Further, when they test for gonorrhea and chlamydia, they typically only test for genital gonorrhea and chlamydia — not anal or oral gonorrhea or chlamydia.
If you actually want to get tested for e-v-e-r-y-t-h-i-n-g that you might be at risk for, it’s important to talk with a healthcare professional about all the sex acts that have ever made an appearance on your sex “I Tried It” list.
There’s a massive misconception that STIs can only be transmitted through one type of sex: penis-in-vagina sex.
But an STI can actually be transmitted during any kind of sexual play that involves skin-to-skin contact or body fluid exchange with a person who has an STI.
This includes any kind of play that involves:
- the mouth, such as kissing, nipple stimulation, cunnilingus, analingus, and oral sex
- internal or external genitals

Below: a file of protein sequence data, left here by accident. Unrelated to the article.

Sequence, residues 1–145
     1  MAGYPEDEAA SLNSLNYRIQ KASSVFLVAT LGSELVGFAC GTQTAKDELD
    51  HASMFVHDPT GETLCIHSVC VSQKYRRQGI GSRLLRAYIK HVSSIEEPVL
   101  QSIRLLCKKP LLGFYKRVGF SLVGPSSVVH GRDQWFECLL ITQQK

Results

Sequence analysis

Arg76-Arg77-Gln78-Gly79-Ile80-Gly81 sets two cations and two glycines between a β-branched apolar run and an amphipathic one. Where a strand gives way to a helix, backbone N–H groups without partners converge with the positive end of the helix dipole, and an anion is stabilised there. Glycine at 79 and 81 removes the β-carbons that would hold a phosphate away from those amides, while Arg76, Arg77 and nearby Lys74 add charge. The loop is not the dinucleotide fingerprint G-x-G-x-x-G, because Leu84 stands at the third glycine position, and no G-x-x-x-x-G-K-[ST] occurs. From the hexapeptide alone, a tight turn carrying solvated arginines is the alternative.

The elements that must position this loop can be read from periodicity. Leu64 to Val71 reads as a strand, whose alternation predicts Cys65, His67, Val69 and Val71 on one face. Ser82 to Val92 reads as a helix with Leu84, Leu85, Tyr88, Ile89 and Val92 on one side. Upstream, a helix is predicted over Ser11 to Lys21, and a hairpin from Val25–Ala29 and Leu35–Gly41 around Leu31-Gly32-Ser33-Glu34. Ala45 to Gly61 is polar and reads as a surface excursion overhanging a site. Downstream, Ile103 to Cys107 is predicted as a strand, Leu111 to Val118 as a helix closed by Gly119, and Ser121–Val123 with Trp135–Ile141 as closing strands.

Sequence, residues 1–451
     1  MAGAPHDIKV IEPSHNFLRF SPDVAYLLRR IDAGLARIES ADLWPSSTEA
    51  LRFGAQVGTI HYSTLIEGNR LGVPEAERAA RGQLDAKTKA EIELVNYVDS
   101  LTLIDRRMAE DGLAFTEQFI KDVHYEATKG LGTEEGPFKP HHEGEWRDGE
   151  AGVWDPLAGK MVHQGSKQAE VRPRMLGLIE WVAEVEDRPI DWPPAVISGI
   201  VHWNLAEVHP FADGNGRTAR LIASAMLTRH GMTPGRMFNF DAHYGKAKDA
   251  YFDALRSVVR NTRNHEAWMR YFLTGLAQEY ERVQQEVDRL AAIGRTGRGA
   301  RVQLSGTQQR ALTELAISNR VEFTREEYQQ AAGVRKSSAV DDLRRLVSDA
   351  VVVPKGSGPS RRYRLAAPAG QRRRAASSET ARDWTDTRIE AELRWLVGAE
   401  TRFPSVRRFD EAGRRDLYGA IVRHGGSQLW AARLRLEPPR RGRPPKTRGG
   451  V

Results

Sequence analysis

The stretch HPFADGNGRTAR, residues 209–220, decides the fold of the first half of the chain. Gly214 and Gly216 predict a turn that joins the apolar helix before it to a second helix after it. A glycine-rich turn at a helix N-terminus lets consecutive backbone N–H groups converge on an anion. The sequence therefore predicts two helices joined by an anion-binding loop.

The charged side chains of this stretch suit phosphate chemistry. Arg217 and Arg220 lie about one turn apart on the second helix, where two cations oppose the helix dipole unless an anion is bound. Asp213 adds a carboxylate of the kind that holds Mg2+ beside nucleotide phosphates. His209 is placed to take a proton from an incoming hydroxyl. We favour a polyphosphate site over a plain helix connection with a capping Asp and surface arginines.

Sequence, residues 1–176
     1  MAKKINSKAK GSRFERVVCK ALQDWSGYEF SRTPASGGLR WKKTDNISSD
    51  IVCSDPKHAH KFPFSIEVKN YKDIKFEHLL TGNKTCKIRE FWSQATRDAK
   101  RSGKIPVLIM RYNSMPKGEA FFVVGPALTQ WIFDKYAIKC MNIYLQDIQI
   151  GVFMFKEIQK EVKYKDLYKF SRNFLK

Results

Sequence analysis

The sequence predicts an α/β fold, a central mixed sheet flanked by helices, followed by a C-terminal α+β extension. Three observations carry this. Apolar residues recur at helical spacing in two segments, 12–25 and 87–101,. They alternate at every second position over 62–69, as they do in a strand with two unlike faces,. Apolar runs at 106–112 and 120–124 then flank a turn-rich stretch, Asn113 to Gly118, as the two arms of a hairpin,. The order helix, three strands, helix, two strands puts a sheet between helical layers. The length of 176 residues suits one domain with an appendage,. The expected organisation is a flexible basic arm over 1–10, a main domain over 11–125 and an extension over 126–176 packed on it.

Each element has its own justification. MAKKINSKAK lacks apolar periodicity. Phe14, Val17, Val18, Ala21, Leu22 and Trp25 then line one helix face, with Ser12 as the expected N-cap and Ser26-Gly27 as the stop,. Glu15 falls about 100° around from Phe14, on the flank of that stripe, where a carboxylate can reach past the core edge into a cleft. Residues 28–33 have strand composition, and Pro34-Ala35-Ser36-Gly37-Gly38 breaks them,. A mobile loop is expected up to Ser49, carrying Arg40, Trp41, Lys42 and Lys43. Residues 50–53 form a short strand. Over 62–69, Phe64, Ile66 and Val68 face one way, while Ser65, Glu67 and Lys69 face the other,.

- internal or external anus
As well as any kind of play that involves bodily fluids:
- vaginal lubrication
- anal secretions
- breast milk
An STI test is only able to test for the STIs that are currently beyond their latency period. Meaning, they’ve been in the body long enough for the body to create antibodies.
Sometimes known as the incubation period, the latency period is the amount of time between when a person has been exposed to an infection and when they can test positive for it.
Antibodies are what STI tests are looking for to determine if an STI is present. If antibodies are present, you test positive for the STI. If antibodies aren’t present, you test negative for the STI.
An STI test can’t detect an infection that has not yet surpassed its latency period, nor any STI you were exposed to after the test.
And remember: It’s possible to be exposed to an STI during any sexual activity.
So… you made the decision to engage in sex in some way, shape, or form… fun!
How high the risk of STI transmission was during those sextivities varies based on what safer sex practices you used, if any. As well as if you used them correctly when you used them.